Yes, these awful barricades do nothing to slow motor vehicles from making high-speed turns into greenway traffic.

  • kevd

    entry points for motor vehicles.
    Sorry If I was unclear.

  • Elizabeth F

    No, cops are not going to stop on West Side Highway to deal with a situation on the Greenway. Let’s just try to get them to not stop on the Greenway to deal with West Side Highway stuff.

  • AMH

    It’s incredible how careful they were not to intrude on any motor vehicle space. All of the pain is on greenway users. Even the heavy equipment placing the barriers was entirely within the greenway rather than on the adjacent roadway. It seems to me that they should be slowing motor traffic, particularly where cars often make high-speed turns across greenway traffic, and the slip lane at Pier 94 where drivers ignore the stop signs. Tightening down these lanes with jersey barriers would make it physically impossible for a vehicle to make a turn onto the greenway while allowing larger openings for greenway traffic.

  • AMH

    The greenway has always been pretty inconsistent–there’s a great big MUTCD violation right at the south end.

  • Elizabeth F

    I commute a lot on the Greenway. Mostly north of 125 St; but also 1/2x/week to Midtown or even Canal St. I have never seen a police or parks vehicle showing less than the utmost care for the safety of bike and ped Greenway users. Once, believe it or not, I saw an NYPD on patrol, begin driven around by a yellow cab; I didn’t stop to find out why. They were deriving carefully too.

    For that reason, I just don’t think that NYPD and Parks vehicles on the Greenway are a serious issue. I put them in the same category as construction vehicles on the highway — a necessary annoyance you have to slow down for, but really nothing more.

    Parks vehicles use the Greenway extensively in their duties to maintain the park. I don’t see how they can in practice take out the trash, mow the grass, remove weeds, plant landscaping, etc. without vehicular access. Once, I came across a landscaping crew that was partially blocking the Greenway with equipment, workers, piles of dirt, etc. These people were working on our behalf to keep the Greenway looking beautiful; they deserve I respect. And yet, I observed another biker yell at them to “get out of the way,” as she brushed past as quickly as possible. I’m sorry, can’t we treat others a little better in New York, especially when they are working on our behalf?

    North of 59 St, there is typically no road nearby. Bikers get mugged yearly around 170St — a part that’s particularly isolated, and just out of view of the PAPD guard post under the GWB. At most spots, driving motor vehicles on the Greenway is the ONLY way to service north of 59th St.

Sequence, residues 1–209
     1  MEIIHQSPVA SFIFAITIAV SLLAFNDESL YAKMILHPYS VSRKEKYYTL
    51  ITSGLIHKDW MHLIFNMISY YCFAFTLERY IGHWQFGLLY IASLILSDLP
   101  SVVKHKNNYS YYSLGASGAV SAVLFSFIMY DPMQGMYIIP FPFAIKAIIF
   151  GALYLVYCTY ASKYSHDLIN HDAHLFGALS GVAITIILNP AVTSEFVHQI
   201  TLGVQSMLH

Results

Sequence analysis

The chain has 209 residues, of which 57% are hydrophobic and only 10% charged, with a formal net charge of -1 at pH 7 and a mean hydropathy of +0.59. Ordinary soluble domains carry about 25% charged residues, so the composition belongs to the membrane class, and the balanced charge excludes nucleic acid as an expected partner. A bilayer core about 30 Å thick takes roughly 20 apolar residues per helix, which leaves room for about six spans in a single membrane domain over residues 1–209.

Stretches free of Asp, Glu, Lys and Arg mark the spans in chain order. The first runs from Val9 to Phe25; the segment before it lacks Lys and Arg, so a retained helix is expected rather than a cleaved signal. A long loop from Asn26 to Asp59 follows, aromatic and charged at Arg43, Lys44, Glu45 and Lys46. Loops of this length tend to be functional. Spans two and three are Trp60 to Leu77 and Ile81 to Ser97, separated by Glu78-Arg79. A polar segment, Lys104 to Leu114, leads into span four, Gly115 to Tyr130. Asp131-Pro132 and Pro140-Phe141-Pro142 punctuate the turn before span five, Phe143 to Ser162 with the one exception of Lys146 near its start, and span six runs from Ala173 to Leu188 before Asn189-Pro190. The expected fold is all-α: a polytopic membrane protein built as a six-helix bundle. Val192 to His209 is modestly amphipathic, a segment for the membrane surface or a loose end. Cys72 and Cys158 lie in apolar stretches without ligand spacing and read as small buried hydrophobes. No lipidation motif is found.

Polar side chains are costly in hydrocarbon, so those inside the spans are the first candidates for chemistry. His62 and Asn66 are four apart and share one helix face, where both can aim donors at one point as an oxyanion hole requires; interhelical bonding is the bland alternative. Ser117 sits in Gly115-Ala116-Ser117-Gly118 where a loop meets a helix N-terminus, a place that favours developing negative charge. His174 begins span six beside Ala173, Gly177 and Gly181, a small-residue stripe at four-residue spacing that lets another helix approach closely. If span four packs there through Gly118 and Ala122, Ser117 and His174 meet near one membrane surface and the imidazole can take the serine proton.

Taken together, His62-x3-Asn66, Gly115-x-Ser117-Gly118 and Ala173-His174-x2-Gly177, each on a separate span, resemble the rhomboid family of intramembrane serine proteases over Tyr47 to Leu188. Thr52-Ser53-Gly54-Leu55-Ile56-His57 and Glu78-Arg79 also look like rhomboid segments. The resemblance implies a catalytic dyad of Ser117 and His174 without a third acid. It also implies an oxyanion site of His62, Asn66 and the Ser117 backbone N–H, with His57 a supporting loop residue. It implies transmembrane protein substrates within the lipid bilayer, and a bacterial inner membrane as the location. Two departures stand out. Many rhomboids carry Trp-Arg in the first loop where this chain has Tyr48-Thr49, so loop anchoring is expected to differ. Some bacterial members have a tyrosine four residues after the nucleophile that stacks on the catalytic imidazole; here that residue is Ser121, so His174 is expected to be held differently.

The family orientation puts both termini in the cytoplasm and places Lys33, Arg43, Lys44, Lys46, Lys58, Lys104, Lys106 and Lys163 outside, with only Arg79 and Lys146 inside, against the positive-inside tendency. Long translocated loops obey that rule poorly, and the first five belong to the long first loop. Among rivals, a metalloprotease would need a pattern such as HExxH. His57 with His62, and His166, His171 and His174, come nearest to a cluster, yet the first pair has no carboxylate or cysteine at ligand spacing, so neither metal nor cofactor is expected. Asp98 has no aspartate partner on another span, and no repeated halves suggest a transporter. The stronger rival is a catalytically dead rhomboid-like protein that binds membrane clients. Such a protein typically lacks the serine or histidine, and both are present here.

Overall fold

> I would be much more worried about, say, a dog walker with a long leash talking on her cellphone on the bike path rather than the pedestrian area.

    Yes, welcome to NYC.

    > Also, if someone needed an ambulance (heart attack, or after crashing into said dog walker), I would want the ambulance to be able to access the path.

    Unfortunately that’s not always easy. Once I helped an injured roller blader near Fort Tryon (I stopped bike traffic so they didn’t run over her). It took at least 15 minutes to get an ambulance to come. And once it did — they needed to call TWO NYFD trucks to block traffic on the Henry Hudson in order to get her into the ambulance.

  • Elizabeth F

    You’re trying too hard to make this case. They shut down the entire West Side HIghway for 1.5 days, because of something that happened on the Greenway.

  • Elizabeth F

    Crossings are unfortunately needed. They don’t have to be motor vehicle entry points, as long as you have bollards.

  • Elizabeth F

    There are problems with the barriers, yes. But are they AT LEAST as likely to cause trouble as the attacks? I doubt even today’s idiotic barriers will kill 8 bikers.

  • vbtwo31984

    It’s something they have in the Netherlands. They use a lot of retractable bollards there to prevent unauthorized traffic from coming through. All emergency vehicles have a way of lowering the bollards to be able to get through.

  • iSkyscraper

    Underpasses will cost a few million each, and flood regularly. Not practical next to a river.

  • MatthewEH

    Mostly we’re on the same page here. But, most ordinary parks maintenance can be done with smaller vehicles rather than full-sized cars and trucks. That seems to be how most of the world does this sort of thing.

  • rivardau

    Oh, there’s nothing like good old-fashioned government over-reaction to the WRONG thing after a mass attack!

    The problem was that the Highway Vehicle was the one speeding and curved – ergo, the barriers should be creating the pinch point on the road to make THAT traffic slow down!

    But nope, the USA says…oh it’s ok to sacrifice a few minutes of time for better safety – for BIKES – that was not even the cause nor problem of the event!

    Now if the government could act as swift anytime it is a mass gun shooting!!


  • vbtwo31984
  • vbtwo31984
  • vbtwo31984